Help The Guys At Gearbox Magazine Help Someone Who Needs It

help the guys at gearbox magazine help someone who needs it

It’s an American tradition to help the less fortunate around the winter holidays. After the bell rings for New Year’s, however, many people who need assistance find themselves out in the cold. This weekend, the founder of Gearbox is trying to help a homeless veteran who needs a car — but not for the reason you’d suspect.

Janitor John moved to Phoenix with his roommate, a fellow military veteran…. John let it slip to us that he was living in a car. Everyone on the team here at the office was surprised… John wakes up in the morning, parked behind a grocery store (they’ve asked the manager’s permission), cleans up best he can (with wet naps), and walks over to Starbucks. They spend their days there sipping the cheapest coffee they can get, so they can be inside (where it’s warm), keep their phones charged, and look for jobs online… He’s contacted the local VA. They told him to go to a homeless shelter, which would be fine, except it’s on the far side of town, you have to check in at 6AM to “get a bunk with the crazies,” as he puts it, and there’s no bus service available from work to the shelters when he gets off work at 1AM… He’s contacted Wounded Warrior Project and Operation Homefront. Both have told him their #1 priority is wounded and recently returning combat veterans. John is adamant this SHOULD be their priority. Unfortunately, he’s been told it’s about a 2-3 year wait for help from them otherwise.

Brian and the rest of the Gearbox crew want to buy John a car that he can use as a bedroom and a way to get to his job. They figure they can make something happen for $1100. I’ve contributed, and you can too. Furthermore, I’ll send any member of the B&B who puts $75 or more in, starting now, a TTAC Racing T-shirt at my expense. Just post below that you’ve done it and I’ll contact you to arrange it. Warning: you might not get to pick the size. :)

Thanks for reading, and for caring — JB

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  • MBella MBella on Jan 02, 2015

    I was touched by this story. I hate what war does to these guys. I put in $75 an put this thing over $2000.

  • DR1665 DR1665 on Jan 13, 2015

    FINAL UPDATE: I suspect everyone who donated received an email advising the final outcome of this effort, but for the record, we ended up getting John a 1998 Suburban. 227k miles, doesn't look like it's leaked a drop of anything its entire life. It's titled to him free and clear, tagged through September, and won't need emissions until 2016. He was blown away. WE MADE A DIFFERENCE. Thanks, everyone. And thank you, Jack.

    • Bball40dtw Bball40dtw on Jan 13, 2015

      Thanks again for what you guys did for John. A '98 Suburban can run forever in the desert southwest. Good choice. I hope the day that he received his truck was the day that turned it all around for him.

  • DenverMike When was it ever a mystery? The Fairmont maybe, but only the 4-door "Futura" trim, that was distinctively upscale. The Citation and Volare didn't have competing trims, nor was there a base stripper Maxima at the time, if ever, crank windows, vinyl seats, 2-doors, etc. So it wasn't a "massacre", not even in spirit, just different market segments. It could be that the Maxima was intended to compete with those, but everything coming from Japan at the time had to take it up a notch, if not two.Thanks to the Japanese "voluntary" trade restriction, everything had extra options, if not hard loaded. The restriction limited how many vehicles were shipped, not what they retailed at. So Japanese automakers naturally raised the "price" (or stakes) without raising MSRP. What the dealers charged (gouged) was a different story.Realistically, the Maxima was going up against entry luxury sedans (except Cimarron lol), especially Euro/German, same as the Cressida. It definitely worked in Japanese automaker's favor, not to mention inspiring Lexus, Acura and Infiniti.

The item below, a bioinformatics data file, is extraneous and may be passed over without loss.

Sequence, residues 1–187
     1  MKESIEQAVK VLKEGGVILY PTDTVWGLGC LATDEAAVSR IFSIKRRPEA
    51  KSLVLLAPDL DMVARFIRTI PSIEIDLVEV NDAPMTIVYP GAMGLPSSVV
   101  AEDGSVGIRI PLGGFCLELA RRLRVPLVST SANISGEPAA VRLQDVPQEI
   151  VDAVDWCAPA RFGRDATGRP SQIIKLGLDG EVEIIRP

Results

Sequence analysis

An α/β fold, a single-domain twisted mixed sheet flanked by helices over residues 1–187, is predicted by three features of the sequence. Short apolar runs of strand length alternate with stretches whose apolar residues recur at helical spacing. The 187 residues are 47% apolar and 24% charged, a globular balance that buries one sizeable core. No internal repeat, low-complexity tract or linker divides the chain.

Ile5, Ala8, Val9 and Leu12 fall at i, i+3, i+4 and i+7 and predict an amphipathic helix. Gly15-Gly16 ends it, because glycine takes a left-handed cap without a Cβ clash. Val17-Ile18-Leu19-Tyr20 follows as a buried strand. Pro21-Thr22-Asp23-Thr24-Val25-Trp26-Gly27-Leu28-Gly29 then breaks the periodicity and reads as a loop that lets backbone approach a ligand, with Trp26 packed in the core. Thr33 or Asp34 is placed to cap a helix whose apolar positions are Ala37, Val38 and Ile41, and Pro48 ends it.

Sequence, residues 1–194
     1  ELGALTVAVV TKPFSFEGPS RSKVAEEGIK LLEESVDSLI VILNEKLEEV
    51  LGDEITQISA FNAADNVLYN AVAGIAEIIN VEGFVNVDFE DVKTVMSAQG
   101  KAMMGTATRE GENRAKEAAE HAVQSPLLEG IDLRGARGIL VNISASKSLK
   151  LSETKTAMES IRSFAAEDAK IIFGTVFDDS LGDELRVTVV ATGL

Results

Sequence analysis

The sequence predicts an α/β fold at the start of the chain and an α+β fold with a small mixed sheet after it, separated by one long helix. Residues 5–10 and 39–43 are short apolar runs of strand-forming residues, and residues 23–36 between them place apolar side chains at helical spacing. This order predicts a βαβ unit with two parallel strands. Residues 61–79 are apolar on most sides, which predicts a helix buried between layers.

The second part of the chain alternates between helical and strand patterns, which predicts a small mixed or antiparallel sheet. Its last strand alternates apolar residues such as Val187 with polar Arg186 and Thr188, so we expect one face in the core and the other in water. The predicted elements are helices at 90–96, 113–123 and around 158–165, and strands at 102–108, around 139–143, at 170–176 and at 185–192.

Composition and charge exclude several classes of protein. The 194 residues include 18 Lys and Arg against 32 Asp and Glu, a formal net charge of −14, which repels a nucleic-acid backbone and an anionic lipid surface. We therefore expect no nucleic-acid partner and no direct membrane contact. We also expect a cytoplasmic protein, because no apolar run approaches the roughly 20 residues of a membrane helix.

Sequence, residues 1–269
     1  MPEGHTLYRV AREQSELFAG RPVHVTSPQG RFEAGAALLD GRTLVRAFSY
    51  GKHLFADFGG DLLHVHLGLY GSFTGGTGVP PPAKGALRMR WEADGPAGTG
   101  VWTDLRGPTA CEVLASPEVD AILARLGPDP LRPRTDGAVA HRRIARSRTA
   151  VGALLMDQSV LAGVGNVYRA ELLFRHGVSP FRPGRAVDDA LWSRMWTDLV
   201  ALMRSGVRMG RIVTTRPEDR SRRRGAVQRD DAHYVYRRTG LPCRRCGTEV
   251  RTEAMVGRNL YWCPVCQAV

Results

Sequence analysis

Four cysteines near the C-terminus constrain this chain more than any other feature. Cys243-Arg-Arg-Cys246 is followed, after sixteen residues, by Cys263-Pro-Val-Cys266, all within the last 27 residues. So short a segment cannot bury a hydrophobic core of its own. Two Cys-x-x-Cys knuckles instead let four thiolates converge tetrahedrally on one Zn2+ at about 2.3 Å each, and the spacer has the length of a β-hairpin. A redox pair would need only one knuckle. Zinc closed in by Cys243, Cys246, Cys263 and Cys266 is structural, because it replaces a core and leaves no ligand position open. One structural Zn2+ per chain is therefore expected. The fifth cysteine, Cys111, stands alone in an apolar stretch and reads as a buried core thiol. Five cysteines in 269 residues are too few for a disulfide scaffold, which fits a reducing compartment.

• Ronnie Schreiber Hydrocarbon based fuels have become unreliable? More expensive at the moment but I haven't seen any lines gathering around gas stations lately, have you? I'm old enough to remember actual gasoline shortages in 1973 and 1979 (of course, since then there have been many recoverable oil deposits discovered around the world plus the introduction of fracking). Consumers Power is still supplying me with natural gas. I recently went camping and had no problem buying propane.Texas had grid problems last winter because they replaced fossil fueled power plants with wind and solar, which didn't work in the cold weather. That's the definition of unreliable.I'm an "all of the above" guy when it comes to energy: fossil fuels, hydro, wind (where it makes sense), nuclear (including funding for fusion research), and possibly solar.Environmental activists, it seems to me, have no interest in energy diversity. Based on what's happened in Sri Lanka and the push against agriculture in Europe and Canada, I think it's safe to say that some folks want most of us to live like medieval peasants to save the planet for their own private jets.
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  • MaintenanceCosts There's no mystery anymore about how the Japanese took over the prestige spot in the US mass market (especially on the west coast) when you realize that this thing was up against the likes of the Fairmont, Citation, and Volaré. A massacre.